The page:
There are few games one can invest so much time in, win multiple matches of, and surprisingly, still not grasp all it has to offer – yet Civilization VI successfully does just that. After almost 50 hours with the latest 4X strategy game from developer Firaxis, despite thoroughly enjoying the experience, there are still many aspects of it that I barely understand… but that’s not necessarily a bad thing.
The beauty of Civ6 is that it manages to capture the inviting, mass-market atmosphere of the Civilization Revolution games, while marrying it with a more streamlined, but still robust version of the deep systems the core titles are known for. The downside to this is that while the game looks great (if a little more cartoony than some of the more hardcore fans may prefer), it lacks the more detailed information and insights into what a player might want to do to win.
From the moment the game starts you’re in a race to the finish. What should you make, train, or research from the varied lists of units, districts, buildings, technologies, or civic policies that are available? The game doesn’t give much reasoning behind why the AI Advisor tells you to do these things either - often leaving such things to blind trust in the computer knowing the type of victory you are going for, guess work, or trial-and-error.
Disappointing up-front explanations aside, the game does still contain an in-depth encyclopedia that does go into what each of these things are, and how everything works. For most people (myself included), this felt more like studying for a history exam than playing a game, and the previous titles in the series did this part a little better. The other way to play is to jump straight into the tutorial, and work the minutia out as you play. Thankfully it’s a turn-based title, and during the single player campaigns there’s no time limit, giving you plenty of time to work out exactly what is best for your empire.
A graphical feature I immediately grew to love was the way the uncharted areas of the map, and then the fog-of-war (once an area had been visited) was put in place. At the start of the game, the unseen areas outside your immediate zone look like folded, worn parchment, with iconography depicting various mythological creatures that could be inhabiting those lands - like drawings shown on old maps.
Then, once you begin exploring, the areas you’ve been to turn from 3D images into a sketched version of those places, and only update to what is currently in those tiles once you send another unit in. I found it to be incredibly charming, and fit perfectly with the art style of the game.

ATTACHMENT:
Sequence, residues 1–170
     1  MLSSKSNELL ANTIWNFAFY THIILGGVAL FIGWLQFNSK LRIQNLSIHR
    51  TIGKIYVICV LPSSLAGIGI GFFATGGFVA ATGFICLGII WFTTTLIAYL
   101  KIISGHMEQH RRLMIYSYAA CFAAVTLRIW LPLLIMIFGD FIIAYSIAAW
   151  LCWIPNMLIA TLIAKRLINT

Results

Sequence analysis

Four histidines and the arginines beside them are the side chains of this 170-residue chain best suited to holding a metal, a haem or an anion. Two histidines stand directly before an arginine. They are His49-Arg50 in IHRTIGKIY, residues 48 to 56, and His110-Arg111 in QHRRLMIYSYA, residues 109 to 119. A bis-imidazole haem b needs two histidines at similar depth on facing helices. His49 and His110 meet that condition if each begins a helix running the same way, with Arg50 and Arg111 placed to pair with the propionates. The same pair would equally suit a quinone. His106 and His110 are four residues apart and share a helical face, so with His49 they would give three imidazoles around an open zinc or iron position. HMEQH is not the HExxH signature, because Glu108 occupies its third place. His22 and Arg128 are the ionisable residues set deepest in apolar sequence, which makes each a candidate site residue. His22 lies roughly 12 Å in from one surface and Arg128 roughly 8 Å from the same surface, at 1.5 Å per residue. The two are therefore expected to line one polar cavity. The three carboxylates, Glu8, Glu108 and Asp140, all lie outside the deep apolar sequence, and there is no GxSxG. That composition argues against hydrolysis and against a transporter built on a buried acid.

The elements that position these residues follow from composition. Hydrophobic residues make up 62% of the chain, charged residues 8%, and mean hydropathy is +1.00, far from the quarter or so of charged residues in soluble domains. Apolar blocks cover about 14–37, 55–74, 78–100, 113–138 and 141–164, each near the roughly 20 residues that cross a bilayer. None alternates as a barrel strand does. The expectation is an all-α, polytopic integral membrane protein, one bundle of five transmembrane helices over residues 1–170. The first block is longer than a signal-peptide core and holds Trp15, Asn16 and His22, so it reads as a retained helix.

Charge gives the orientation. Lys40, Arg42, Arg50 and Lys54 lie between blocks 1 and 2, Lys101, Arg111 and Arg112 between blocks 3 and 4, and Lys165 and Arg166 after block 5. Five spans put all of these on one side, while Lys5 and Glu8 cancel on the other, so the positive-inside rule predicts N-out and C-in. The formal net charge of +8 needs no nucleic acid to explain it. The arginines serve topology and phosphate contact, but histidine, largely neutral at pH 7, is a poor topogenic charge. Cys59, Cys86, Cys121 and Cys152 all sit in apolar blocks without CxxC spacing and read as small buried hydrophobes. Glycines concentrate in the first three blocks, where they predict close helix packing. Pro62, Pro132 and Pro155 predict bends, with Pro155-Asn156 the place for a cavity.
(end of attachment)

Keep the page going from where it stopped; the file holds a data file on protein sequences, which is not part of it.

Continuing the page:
After getting to know the systems a bit, one of the features I did really like was the ability to jump into both the Technology and Civic Trees to begin planning your end-game from the very first turn. Are you trying to win by overwhelming force? Become the most cultured society? Perhaps you want to create your own religion and spread it across the world? Or finally, there’s the scientific route, which ends in a win once you’ve managed to colonize Mars.
All are valid, and all work no matter the difficulty - although there were few matches I was able to result in a victory before the “time” runs out in the years 2050, which is where the winner is determined by the highest score - unless you opt for “One More Turn” that is (which I found lasted a lot longer than expected). I was also rather disappointed with the details available in the after action report upon completing a campaign – or should I say I was disappointed with the complete lack of one. The mid-game details you have access to are amazing, I only wish they were available post-match.
Moving onto gameplay itself, the biggest difference between 5 and 6 is the new way to go about City Planning. Now, rather than the different districts being contained within a single tile on the map, you get to see your city grow as you place the various districts, farms, and mines in the tiles surrounding each city.
A neat feature about this new city planning ability is that by choosing where each goes in a more strategic manner, the more food, production, or district specific benefits you’ll receive based on the nearby tiles. The downside is that sometimes it comes down to pure luck as to where you get to found your first city.
More than once I started on the coast, with nothing but desserts on one side, frozen tundras on another, and rocky mountains in the middle, with little room for expansion outside a a couple of purchasable tiles. This makes the early game all the more difficult, as you can’t as easily have builders lay down farms for food and housing, or construct mines for production, luxury, or strategic resources - all of which affect the growth of your cities and populations.
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